Abbate:

So you came up with a methodology for producing course materials, in addition to actually doing it.

Shipp:

Yes, for sort of arriving at a design. Another thing that was interesting about that was that we spent probably half a day on each package—just me and one academic. I’d have read up the subject a bit beforehand, so we’d both come along with some ideas, and then we’d explore them. And because there were five or six topics, sometimes there was a long gap before I could implement the program; and having this video was wonderful, because when I looked at it again, it was as if my unconscious had carried on processing the ideas, and I could see really quickly what we could use and what we couldn’t use, and how to order it and put it together into a good story. With the first of those packages, I think I used Powerpoint to put together a design of the whole teaching package and how it would go, and showed it to the Course Team, and we discussed it, and then I implemented it—and after that, they just sort of left me to get on with it! [laughs.] So that was a really good set of packages.

Abbate:

Were you experimenting with different forms, in terms of, “Should this be linear or should it be nonlinear?” Were there sort of basic questions about how to implement things on a computer that you were exploring?

Shipp:

Yes.

Abbate:

I don’t know how long the university had been doing this before you came.

Shipp:

They’d been doing it since about 1971, so it was a long history.

Abbate:

On the computer?

Shipp:

Yes.

Abbate:

So they expected the students to have computers in ‘71?

Shipp:

Yes. Initially they had mainframe —you know, they’d write educational software, put it on the mainframe, and students would go to study centers, where they could use interactive—it would be teletype sort of things, wouldn’t it? It was a very, very innovative department, really; absolutely at the forefront of educational software. So there was a sort of tradition in the department of doing tutorial software, and also simulation software, for the science—physics, maths . . . They did other things, database-y sort of things, as well.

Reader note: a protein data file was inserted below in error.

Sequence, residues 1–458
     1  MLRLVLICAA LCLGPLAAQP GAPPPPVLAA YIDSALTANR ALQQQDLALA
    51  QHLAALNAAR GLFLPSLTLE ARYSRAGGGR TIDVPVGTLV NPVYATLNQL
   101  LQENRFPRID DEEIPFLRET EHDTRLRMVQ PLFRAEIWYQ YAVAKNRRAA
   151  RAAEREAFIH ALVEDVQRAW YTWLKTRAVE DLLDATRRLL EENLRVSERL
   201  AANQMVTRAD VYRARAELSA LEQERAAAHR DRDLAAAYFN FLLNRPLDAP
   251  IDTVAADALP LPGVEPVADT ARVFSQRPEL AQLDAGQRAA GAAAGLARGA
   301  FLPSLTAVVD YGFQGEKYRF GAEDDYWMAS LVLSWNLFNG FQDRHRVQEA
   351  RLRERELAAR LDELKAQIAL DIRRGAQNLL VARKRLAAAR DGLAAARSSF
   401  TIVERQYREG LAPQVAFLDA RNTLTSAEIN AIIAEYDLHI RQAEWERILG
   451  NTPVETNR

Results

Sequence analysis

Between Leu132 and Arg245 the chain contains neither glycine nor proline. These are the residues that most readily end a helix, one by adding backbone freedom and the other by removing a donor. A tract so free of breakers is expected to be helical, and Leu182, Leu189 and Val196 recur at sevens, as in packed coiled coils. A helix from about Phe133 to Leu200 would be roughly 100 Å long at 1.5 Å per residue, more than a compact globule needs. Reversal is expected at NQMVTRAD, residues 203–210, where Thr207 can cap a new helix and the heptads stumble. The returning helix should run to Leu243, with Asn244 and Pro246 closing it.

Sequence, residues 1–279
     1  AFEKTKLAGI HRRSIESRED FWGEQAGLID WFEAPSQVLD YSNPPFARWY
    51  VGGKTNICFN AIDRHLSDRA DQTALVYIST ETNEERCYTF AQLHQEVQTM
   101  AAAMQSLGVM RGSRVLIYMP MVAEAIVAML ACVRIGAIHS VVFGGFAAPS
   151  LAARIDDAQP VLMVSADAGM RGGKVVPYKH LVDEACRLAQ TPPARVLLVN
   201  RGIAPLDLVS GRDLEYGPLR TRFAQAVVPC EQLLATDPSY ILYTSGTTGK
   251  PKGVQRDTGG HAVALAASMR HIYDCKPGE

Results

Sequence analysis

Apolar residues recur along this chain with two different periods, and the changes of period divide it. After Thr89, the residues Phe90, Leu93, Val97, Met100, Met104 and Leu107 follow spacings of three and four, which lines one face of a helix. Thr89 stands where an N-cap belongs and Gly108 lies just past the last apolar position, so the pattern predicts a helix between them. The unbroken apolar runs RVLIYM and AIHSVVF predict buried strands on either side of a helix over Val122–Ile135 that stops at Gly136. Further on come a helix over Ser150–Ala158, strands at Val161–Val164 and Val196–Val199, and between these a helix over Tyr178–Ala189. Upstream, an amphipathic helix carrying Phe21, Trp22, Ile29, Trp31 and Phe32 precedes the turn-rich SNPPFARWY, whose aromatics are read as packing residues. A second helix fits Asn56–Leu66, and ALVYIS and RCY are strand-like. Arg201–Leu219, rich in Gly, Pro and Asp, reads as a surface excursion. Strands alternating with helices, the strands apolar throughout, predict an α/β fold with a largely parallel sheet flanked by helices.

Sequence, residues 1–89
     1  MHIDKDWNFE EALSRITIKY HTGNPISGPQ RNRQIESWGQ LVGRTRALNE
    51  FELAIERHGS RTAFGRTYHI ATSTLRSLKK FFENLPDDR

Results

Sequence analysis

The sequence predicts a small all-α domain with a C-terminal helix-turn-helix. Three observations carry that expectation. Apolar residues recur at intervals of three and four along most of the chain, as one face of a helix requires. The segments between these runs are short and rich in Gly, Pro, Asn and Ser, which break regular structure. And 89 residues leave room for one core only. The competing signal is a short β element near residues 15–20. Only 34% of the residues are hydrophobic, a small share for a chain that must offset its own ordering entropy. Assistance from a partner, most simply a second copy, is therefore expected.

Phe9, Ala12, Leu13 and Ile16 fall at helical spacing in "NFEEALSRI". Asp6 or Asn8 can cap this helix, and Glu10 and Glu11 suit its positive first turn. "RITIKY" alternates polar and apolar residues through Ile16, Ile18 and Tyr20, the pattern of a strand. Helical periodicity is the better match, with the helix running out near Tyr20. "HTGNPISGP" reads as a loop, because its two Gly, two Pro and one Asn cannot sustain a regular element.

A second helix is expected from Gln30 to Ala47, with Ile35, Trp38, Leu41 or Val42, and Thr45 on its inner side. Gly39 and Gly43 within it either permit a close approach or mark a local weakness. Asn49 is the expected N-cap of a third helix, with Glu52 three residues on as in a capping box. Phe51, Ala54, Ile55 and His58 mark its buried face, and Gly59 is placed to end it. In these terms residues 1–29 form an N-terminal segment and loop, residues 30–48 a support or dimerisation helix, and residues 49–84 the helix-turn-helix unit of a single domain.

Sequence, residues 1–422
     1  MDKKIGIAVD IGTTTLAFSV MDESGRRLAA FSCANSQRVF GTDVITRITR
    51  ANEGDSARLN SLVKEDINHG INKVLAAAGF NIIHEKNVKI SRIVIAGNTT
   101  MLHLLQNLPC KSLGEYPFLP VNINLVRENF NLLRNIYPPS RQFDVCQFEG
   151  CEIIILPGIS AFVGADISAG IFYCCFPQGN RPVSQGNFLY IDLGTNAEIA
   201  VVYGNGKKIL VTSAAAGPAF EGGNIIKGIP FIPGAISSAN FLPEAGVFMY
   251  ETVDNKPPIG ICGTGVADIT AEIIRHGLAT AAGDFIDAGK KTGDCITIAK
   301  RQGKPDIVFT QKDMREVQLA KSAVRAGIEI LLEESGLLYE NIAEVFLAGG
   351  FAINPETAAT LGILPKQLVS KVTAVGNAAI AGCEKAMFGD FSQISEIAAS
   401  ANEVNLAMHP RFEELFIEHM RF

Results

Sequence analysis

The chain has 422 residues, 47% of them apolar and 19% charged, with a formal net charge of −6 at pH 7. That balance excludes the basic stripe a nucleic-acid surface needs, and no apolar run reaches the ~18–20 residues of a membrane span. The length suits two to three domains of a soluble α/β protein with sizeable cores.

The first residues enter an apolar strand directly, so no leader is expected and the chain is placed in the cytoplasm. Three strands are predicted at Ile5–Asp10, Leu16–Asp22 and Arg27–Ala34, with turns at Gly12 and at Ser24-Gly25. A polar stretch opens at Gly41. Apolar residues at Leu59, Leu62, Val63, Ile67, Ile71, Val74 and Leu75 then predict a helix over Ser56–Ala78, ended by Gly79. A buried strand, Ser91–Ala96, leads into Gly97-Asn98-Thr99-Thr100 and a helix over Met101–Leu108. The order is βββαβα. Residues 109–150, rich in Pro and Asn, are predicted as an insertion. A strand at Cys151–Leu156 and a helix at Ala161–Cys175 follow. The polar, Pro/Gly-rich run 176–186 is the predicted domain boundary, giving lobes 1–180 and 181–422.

But I guess there were several things going on. There was the development of my thinking about how you teach by computer, and there was also the development of how you implement it; and my interest was in how you teach by computer. I became quite passionate about experiential learning, and that was really in discussion more with academics who were my friends, and colleagues, and at conferences that I went to; and also, we have this Institute of Educational Technology, which is the sort of research bit associated with educational computing, and I was a member of that research group. They didn’t produce software, but they wrote a lot of papers. My thinking was always, not “How can we tell the students about this subject? How can we use the computer to tell them?” But “How can we give them an experience that they can learn for themselves from? What can we actually provide that they can explore and interact with, that will engage them and change their understanding?” I’m always interested in developing understanding, as opposed to rote learning.